The Indispensable Thoreau

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But what has made him more imperishable was a deeper radicalism, nearly as pervasive as his love of nature. He was writing Walden during the height of the California gold rush and of the larger westering fever of hope and excitement, when the existence of the Oregon Trail seemed to represent an elixir of wealth and youth. But he merely dismissed the premises of trying to pile up money or of changing the scene of one’s efforts. It was exploring oneself that mattered, and witnessing each day at home. (The continent might scarcely have been settled if Thoreau’s priorities had held sway.) As one of a line of writers going back to Rousseau, he said, “I should not talk so much about myself if there were anybody else whom I knew so well,” and like Walt Whitman, he devoted his life to presenting his enthusiasms, assuming that they had universal application. Neither a hermit nor a mystic of one of the stripes that have arisen in the extremism of our own day, he loved Homer and Chaucer, could translate French and Greek, invented a better lead for pencils, was a student of weather and water, and an excellent land surveyor. It was originality, not faddishness, that led him to take to the woods, grow his own food, read about Eastern religions, wax vehement against slavery and help in the Underground Railroad, advocate conscientious objection, explore the lore and character of Indians, and criticize the common man as well as political parties and establishment figures. He believed that the cost of a thing is the “amount of what I will call life which is required to be exchanged for it,” and in an age of worldwide exploration he readily belittled adventurerexplorers because he believed they were not properly mystified or exalted by conundrums closer to home. He was more of an ecologist than a taxonomist in an era when science was mostly confined to taxonomy, and at a time when the frontier was being gutted, he went into the woods, he said, as “chaplain to the hunters.”

It was originality, not faddishness, that led him to take to the woods, grow his own food, read about Eastern religions.
“Fire is the most tolerable third party,” Thoreau wrote, though his tiny cabin at Walden contained three chairs.

In school he had occasionally been called “The Judge,” yet one of the appealing paradoxes about Thoreau is how seldom this offish individualist and “solitary” lived or even traveled alone, how close he was to his family and chatty with his neighbors, how repeatedly and obstreperously he involved himself in public controversy. A Week on the Concord and Merrimack Rivers is about a lark of a trip he enjoyed with his brother John, floating and ruminating in a fifteen-foot dory, when Henry was twenty-two. Cape Cod , although rather more somber, recounts his impressions while walking the beach and the scrublands on three brief, almost impromptu jaunts to the Cape ten or fifteen years later, twice in the company of Ellery Channing, when he was much concerned, in any case, with the plentiful anecdotes that he gleaned from the inhabitants. His journeys to Maine in 1846, 1853, and 1857 bracketed his walks on the Cape and were planned more ambitiously, as if carrying a heavier significance. They were strenuous warm-weather paddles and hikes made always with a paid guide and at least one additional companion—on. the first trip, altogether a party of six. Thoreau, as we read him, seems like a personable, vigorous Harvard graduate who, after trying to teach school and a stint in his father’s pencil-manufacturing business, had realized that his only wish was to become a writer and had set out to do so. As on the Cape, his professional purpose was to write thoughtful, descriptive essays for such magazines as The Atlantic Monthly and Putnam’s Monthly , not a seamlessly coherent masterpiece like Walden .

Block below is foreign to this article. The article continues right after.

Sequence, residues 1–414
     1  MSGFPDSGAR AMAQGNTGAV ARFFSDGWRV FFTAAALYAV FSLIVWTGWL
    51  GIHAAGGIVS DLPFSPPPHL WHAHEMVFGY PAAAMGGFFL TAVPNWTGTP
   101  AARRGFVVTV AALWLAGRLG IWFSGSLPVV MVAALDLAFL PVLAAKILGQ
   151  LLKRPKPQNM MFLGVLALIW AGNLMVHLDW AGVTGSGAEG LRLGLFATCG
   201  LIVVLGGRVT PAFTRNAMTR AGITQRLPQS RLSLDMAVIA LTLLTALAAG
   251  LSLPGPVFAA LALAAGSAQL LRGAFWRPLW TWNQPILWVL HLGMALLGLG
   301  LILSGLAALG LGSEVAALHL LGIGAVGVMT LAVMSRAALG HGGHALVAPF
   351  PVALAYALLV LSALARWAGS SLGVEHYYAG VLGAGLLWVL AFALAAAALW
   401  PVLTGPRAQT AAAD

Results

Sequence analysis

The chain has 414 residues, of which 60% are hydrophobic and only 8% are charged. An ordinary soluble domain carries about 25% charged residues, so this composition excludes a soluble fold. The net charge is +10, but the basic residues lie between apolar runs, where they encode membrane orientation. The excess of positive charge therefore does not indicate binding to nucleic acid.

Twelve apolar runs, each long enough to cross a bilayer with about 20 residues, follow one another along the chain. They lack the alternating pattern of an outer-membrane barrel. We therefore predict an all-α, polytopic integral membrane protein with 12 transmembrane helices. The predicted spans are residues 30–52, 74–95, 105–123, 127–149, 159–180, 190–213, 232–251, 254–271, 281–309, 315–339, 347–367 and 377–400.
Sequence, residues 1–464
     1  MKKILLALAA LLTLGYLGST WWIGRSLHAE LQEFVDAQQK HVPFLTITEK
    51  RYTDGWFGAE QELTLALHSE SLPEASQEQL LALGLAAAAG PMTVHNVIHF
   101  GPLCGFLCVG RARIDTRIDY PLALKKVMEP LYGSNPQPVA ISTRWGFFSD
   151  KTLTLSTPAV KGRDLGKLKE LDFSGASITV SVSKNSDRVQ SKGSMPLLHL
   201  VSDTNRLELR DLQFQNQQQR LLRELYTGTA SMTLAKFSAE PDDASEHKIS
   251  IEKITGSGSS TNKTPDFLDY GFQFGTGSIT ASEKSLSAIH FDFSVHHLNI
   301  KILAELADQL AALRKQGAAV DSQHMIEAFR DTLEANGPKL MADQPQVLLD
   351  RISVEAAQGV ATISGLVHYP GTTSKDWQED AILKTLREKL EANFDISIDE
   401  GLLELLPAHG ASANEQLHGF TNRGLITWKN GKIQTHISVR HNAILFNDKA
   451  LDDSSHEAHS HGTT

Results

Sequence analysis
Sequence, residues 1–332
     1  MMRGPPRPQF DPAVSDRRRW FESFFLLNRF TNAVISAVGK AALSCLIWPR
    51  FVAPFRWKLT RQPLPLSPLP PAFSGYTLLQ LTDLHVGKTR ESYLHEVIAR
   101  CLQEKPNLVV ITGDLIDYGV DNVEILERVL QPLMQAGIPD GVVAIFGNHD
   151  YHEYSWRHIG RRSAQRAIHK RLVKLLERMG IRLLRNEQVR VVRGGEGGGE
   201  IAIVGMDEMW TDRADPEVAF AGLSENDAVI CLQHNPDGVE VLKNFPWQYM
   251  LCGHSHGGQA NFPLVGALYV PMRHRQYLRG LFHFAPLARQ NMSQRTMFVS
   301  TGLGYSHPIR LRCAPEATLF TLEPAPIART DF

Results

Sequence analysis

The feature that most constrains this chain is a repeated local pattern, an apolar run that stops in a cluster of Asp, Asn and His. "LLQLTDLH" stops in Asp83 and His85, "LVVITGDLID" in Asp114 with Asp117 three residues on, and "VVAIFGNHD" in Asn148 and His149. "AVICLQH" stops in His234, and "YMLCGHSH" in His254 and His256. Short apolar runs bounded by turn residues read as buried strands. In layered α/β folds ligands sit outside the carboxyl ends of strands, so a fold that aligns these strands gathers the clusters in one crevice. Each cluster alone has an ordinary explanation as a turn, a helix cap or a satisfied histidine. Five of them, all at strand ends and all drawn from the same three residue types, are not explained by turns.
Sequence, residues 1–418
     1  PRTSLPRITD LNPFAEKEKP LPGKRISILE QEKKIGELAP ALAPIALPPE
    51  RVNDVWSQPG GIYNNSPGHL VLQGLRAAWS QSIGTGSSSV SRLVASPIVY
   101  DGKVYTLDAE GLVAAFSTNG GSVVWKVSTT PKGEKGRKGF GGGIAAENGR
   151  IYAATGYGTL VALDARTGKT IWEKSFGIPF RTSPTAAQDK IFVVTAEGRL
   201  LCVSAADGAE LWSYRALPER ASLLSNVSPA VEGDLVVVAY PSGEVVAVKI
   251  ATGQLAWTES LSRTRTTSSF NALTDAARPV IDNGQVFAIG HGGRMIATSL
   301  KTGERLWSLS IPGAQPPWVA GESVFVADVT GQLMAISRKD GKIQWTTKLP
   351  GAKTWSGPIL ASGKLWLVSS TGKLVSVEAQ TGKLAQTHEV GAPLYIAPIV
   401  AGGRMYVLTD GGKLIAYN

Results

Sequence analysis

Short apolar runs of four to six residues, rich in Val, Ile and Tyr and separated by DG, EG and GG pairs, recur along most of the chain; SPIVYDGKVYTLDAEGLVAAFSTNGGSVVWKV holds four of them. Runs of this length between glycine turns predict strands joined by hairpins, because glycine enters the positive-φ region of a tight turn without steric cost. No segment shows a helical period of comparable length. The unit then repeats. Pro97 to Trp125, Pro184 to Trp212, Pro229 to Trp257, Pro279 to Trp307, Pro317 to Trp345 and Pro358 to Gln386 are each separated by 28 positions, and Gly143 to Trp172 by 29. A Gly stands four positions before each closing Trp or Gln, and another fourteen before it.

This is our most commonsensical Thoreau, and his Maine guides respected his aptitudes, utilized him in the rapids, on the carries, and at trailblazing, camping affably and volunteering as well as trading information with him. Thoreau, sleeping less and working harder than most of his companions, not only gathered a short glossary of Abnaki Indian words and compiled a list of birds and vegetation seen, but persuaded Joe Polis (the Indian that the sympathetic Emerson later says he “deserved”) to tell him numerous stories and bits of folklore, such as that the first moose was a whale that crawled up on the land with jellyfish for bowels. He even got Polis to sing. Cedar beer, hemlock tea, moose lips (a dish), wolf howls, cougar tracks, houses sixty miles apart, salmon eaten off a birchbark plate with a fork whittled from an alder twig: these were some of his delights.